When he wandered onto The Groom Room property in Magnolia, Peanut was a 3-lb Chihuahua. Our groomer, Leigh, took him in and nursed him back to a healthy 6 lb. We adopted Peanut a few months later, and he is now an 8-lb Chihuahua.
Before she was rescued by Best Friends, Spice was a feral dog roaming an Arizona reservation. When we decided to move to India, we decided that Spice would not come with us. As much as we loved her, we knew that she would be miserable cooped up in a flat all day. She loves the outdoors too much. Here, there is no acre of grass for her to patrol; there is only concrete. Here, she would be leashed outside—always. So, we decided to give her to my parents where we have been assured that she is happy, even if Dad says Mom does not feed her or give her any treats. Spice also resembles a Mumbai street dog a bit too much.
Needless to say, we have a bit of a weak spot when it comes to stray dogs, and Mumbai is full of them. Brian in particular has a weak spot and wants to feed the dogs around our building when we go on walks. I have asked him not to. Not because I don’t feel bad for the dogs (I do), but because I don’t want the street dogs to see us as a source of food while we are walking Chip and Peanut, who might also be confused as a potential food source. As far as I am concerned, the city block around our flat is Chip and Peanut’s territory.
A few weeks ago, we found a good Italian restaurant within walking distance that is also well out of our dogs’ territorial range. Several street dogs live on this block, but one dog caught Brian’s attention. The dog is much smaller than the others, red-haired, and thin. We think he is a puppy. The first night we saw him, we gave him our leftover bread. The pup was less than impressed, but he ate it. The second night we saw him, we passed him, turned around, and bought him a sausage roll. Yep, we bought food for a street dog. Our own dogs did not get a sausage roll, a fact that Chip finds unacceptable.
After going to all the trouble to feed the dog, why did we not just bring the puppy home with us? Well, leaving aside our landlord’s and Chip’s obvious objections, it is just not that simple. We are not talking about just a couple of dogs roaming the streets. By some estimates, more than 2 lakh (2,00,000) street dogs live in Mumbai. Several factors contribute to the population size:
- Open garbage dumps provide an easy source of food. Much like the bears in Yellowstone once did, the Mumbai street dogs scavenge food from open garbage piles. As long as these piles exist, the street dogs will, too. In the gardens, we have garbage containers that discourage the dogs from eating the garbage—something Spicy was adept at.
- Slum dwellers adopt the dogs as unofficial pets. People in the slums often take pity on the dogs and feed them, but do not have them neutered, so the population continues to increase. Most animal welfare groups target street dogs for sterilization and vaccination to reduce the population and keep the dogs healthy. Sterilizing and replacing the dogs in their original locations is the preferred method of population control because simply removing the dogs creates an atmosphere where dogs are constantly fighting for territory.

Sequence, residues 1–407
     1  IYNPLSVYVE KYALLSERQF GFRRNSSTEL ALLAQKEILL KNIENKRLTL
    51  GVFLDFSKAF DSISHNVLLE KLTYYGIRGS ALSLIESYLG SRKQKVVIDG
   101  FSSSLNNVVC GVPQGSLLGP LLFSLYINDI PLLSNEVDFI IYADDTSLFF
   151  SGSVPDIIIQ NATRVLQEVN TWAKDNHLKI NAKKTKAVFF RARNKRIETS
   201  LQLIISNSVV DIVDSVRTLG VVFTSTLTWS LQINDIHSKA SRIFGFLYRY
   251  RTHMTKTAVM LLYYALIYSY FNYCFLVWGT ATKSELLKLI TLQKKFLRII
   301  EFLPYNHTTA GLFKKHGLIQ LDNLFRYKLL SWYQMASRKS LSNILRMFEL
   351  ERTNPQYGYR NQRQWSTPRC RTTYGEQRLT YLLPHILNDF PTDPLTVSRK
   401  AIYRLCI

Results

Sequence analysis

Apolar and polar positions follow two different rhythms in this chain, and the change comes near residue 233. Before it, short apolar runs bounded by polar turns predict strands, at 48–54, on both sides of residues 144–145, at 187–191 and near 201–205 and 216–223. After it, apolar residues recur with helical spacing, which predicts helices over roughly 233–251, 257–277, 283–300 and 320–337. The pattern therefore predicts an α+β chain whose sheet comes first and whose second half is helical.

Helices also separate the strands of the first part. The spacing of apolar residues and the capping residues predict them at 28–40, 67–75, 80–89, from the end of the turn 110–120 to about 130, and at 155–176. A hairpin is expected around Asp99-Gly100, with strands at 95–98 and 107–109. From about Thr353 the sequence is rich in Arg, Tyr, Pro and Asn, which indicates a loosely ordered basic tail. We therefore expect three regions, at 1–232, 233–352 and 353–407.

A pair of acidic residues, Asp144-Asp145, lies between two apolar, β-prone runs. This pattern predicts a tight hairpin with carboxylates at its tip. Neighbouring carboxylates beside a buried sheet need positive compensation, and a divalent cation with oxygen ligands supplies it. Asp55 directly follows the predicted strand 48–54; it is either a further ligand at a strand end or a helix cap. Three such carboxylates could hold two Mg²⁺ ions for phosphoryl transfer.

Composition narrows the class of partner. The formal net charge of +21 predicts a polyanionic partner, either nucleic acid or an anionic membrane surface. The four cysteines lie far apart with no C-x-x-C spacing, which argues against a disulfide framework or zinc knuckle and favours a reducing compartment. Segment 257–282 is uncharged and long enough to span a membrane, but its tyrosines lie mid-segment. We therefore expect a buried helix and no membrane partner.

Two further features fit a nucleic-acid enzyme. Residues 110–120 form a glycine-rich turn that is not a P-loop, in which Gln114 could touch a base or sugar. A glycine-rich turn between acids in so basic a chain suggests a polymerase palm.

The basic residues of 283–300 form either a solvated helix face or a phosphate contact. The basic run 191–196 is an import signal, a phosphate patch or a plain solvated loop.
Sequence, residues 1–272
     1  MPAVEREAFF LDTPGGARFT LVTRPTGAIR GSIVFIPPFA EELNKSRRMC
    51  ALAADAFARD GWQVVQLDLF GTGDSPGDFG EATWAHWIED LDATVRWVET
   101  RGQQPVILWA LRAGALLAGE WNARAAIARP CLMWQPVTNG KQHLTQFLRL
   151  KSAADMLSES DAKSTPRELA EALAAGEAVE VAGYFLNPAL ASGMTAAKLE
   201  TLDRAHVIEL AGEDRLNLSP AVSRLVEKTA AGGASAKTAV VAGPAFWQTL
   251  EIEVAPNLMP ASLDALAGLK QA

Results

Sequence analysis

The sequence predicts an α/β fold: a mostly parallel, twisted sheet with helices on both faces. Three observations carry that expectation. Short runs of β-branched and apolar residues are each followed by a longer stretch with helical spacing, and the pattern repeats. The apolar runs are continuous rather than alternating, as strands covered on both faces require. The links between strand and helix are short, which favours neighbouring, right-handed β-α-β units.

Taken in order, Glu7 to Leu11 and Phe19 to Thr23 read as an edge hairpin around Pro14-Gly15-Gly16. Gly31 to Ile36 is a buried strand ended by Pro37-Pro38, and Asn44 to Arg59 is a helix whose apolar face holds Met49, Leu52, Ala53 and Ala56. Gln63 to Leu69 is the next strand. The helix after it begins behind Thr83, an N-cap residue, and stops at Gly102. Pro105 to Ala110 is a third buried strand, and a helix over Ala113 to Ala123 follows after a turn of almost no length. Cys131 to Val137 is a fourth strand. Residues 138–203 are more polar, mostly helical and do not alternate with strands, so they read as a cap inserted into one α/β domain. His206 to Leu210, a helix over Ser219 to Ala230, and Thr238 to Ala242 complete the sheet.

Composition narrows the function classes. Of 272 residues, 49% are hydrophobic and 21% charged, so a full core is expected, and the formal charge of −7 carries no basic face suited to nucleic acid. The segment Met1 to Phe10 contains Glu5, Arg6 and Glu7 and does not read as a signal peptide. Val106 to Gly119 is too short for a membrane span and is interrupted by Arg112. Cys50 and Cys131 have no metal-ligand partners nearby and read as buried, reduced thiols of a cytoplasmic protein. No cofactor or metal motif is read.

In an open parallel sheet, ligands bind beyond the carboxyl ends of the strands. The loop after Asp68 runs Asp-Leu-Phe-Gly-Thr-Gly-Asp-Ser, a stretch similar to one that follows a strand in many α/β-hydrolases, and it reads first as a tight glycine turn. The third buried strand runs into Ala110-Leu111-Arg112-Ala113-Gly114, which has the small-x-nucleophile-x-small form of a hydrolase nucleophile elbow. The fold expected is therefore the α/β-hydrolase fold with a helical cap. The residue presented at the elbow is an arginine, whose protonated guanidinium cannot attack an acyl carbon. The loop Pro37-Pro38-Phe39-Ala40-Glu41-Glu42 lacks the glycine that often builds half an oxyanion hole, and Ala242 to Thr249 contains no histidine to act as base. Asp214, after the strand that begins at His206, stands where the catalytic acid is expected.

- Pet dogs mate with the street dogs. Many pet dog owners do not sterilize their dogs and allow them to breed with the street dogs. As long as owners are not responsible, the sterilization programs will continue to have limited effect on the population growth. As Bob Barker always said, “Help control the animal population by spaying and neutering your pet.” Of course, our dogs are neutered. No one wants little Chips running around Mumbai.
The life of a street dog is complicated. On the one hand, they are loved by those who believe that all life is sacred. In a country where cows are sacred, and many gods have animal forms, people here have great love for animals and feed the street dogs because doing so invites good karma. The garden across the street where I walk does not allow dogs, but there are a couple of street dogs who frequent the garden, nevertheless. The guards don’t chase them out. The dogs wander in and eventually just leave. I think they know when the park closes.
I frequently see people feeding the dogs around the neighborhood. These dogs don’t really beg for food. Most dogs just lay around on the street corners and wait for people to give them food. They are, of course, strategically located outside restaurants and markets.
On the other hand, the dogs are feared because they are seen as carriers of diseases such as rabies. India has the highest incidence of rabies in the world, and dog bites are common. When Chip nipped at our first housemaid, we were unsuccessful in convincing her that he had all his shots and was not rabid. This fear leads to a negative attitude toward the dogs.
We have experienced this dichotomy of attitudes with Peanut and Chip.
People have two reactions to our dogs: fascination or fear. Chip and Peanut are quite small compared to the street dogs here. The puppy we fed is bigger than both of them put together. Many people want to meet the dogs and ask us if they are full-grown. Some have been known to take photos of them, and I once met a woman who was a stranger to me but knew Chip and Peanut. Just as many people are afraid of them and will give them a wide berth on the street. Like many people here, my tutor was afraid of dogs. And, let’s face it, if you are afraid of dogs, Chip does not exactly help you overcome that fear at first sight. But, gradually, my tutor learned Chip’s ways and is now thinking about getting a dog.
Several animal welfare organizations in Mumbai work with street dogs:
I found a great photo essay online about the street dogs. Please be aware, however, that some images show the dogs with injuries and are quite disturbing.